Daily Rounds: Cost Control Shift; Mother's New Little Helper; Casino Bill Medicine; Surgery For Silenced Singers

Industry trains its sights on controlling costs (Worcester Business Journal) - "Timothy Gens, executive vice president of the Massachusetts Hospital Association, said perhaps the best role for government is to set goals for health care cost control measures and hold everyone in the industry accountable for achieving them. But he stopped short of supporting too much intervention. He warned that getting too much into the details of specific reforms could hurt the industry. “Taking too many steps to control costs too much, to micromanage, is taking the issue too far,” he said. “There are some areas where the government just doesn’t have the expertise of those who are involved in this industry 24/7.” (Worcester Business Journal)

Sleep medication: Mother's new little helper ( - "Mother’s little helper of the new millennium may in fact be the sleeping pill — a prescription not likely to inspire a jaunty pop song anytime soon. Nearly 3 in 10 American women fess up to using some kind of sleep aid at least a few nights a week, according to “Women and Sleep,” a 2007 study by the National Sleep Foundation, a nonprofit research group." (The New York Times)

Casino bill would speed electronic medical records ( - "A section of a casino bill approved by both the House and Senate divvies up how the state will spend the tens of millions of dollars it hopes to rake in from the licensing fees for the bill's three casinos and one slots parlor.
The largest slice of that pie, 23 percent of all licensing fees, would go to a fund designed in part to help the state switch to an electronic medical records-keeping system." (The Boston Globe)

The surgery that saves silenced singers (NPR) - The biggest-selling pop artist of the year has gone silent. The British pop/soul singer Adele was forced to cancel the rest of her 2011 tour. Earlier this year, she suffered two vocal hemorrhages and will need to undergo surgery. Singers are in a high-risk business. Many famous singers have needed similar treatment. "Essentially, people who sing are vocal athletes," says Dr. Steven Zeitels, director of the Voice Center at Massachusetts General Hospital. "So you can look at this as a not unusual scenario as an athlete getting an injury in that area." (NPR)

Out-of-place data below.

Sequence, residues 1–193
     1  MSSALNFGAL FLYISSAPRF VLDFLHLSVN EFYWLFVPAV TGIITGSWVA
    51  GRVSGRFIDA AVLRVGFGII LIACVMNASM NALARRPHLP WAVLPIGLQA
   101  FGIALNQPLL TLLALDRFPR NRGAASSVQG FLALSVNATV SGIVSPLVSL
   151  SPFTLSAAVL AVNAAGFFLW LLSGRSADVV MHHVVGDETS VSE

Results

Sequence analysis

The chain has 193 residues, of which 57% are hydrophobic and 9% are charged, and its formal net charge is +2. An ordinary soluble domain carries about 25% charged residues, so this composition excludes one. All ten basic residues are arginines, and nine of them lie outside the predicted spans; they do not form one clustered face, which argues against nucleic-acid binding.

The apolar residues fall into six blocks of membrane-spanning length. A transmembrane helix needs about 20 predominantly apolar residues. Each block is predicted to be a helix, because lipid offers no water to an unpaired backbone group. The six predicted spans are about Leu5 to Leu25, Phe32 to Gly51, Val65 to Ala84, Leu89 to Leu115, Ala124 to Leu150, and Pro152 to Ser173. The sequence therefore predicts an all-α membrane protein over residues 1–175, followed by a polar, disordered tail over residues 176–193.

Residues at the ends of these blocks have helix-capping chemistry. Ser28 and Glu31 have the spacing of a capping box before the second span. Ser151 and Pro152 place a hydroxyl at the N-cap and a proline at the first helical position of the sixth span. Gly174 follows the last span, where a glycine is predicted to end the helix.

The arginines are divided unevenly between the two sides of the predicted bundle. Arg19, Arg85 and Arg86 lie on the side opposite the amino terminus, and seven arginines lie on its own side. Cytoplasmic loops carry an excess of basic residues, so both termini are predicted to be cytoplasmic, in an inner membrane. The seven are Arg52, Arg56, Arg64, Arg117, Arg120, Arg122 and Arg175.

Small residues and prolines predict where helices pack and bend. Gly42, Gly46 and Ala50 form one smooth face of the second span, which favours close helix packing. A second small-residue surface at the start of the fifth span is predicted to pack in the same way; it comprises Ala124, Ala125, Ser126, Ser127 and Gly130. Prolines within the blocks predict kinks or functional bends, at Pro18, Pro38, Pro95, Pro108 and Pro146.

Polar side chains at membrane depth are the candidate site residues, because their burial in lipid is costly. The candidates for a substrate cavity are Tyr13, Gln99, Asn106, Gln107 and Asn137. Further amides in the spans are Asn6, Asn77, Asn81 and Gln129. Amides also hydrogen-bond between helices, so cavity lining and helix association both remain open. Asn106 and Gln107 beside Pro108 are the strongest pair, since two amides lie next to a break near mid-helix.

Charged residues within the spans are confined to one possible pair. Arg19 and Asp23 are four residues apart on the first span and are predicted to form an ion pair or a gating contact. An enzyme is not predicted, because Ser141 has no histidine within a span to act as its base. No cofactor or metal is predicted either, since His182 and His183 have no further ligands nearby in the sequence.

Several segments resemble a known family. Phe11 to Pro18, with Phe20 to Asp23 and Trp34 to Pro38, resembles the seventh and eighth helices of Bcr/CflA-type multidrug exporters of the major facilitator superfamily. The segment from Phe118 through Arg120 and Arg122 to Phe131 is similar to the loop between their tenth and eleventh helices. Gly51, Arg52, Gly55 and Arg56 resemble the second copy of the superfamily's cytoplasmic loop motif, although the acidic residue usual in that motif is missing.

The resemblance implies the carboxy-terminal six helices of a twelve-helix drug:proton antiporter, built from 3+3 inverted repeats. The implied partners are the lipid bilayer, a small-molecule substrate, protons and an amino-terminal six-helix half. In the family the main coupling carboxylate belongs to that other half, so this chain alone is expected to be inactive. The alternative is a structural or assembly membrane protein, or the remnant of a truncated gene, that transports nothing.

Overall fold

How Willpower Works ( - "In dozens of studies conducted over the past 25 years, Baumeister has found that taking on specific habits - like brushing your teeth with the opposite hand you’d normally use - can increase levels of self-control. In a phone interview, he likened willpower to a muscle: “If you exercise it, you can make it stronger. There’s nothing magical about it.’’ He and others have also identified a host of things that can drain our willpower, including hunger and fatigue, while neuroscientists are struggling to understand exactly how the brain’s higher reasoning center - the prefrontal cortex - manages conflicting wants and needs to help us make the right decisions. The reason for all this interest? Willpower, it turns out, is one of the most important predictors of success in life." (The Boston Globe)

Meet big soda — as bad as big tobacco (Time) -- "The beverage industry, dominated by Coca-Cola and PepsiCo, and represented by the American Beverage Association, has exercised its might against this public health initiative in ways reminiscent of the tobacco industry when it came under attack in the 1950s. The beverage industry argues that such taxes are “discriminatory” in singling out one category of food, that taxes would not work, and that government should not tell people what to eat. The tobacco industry said taxes would not work (they did work — tremendously well) and that government should stay out of people’s choice to smoke. (Time)

This program aired on November 7, 2011. The audio for this program is not available.


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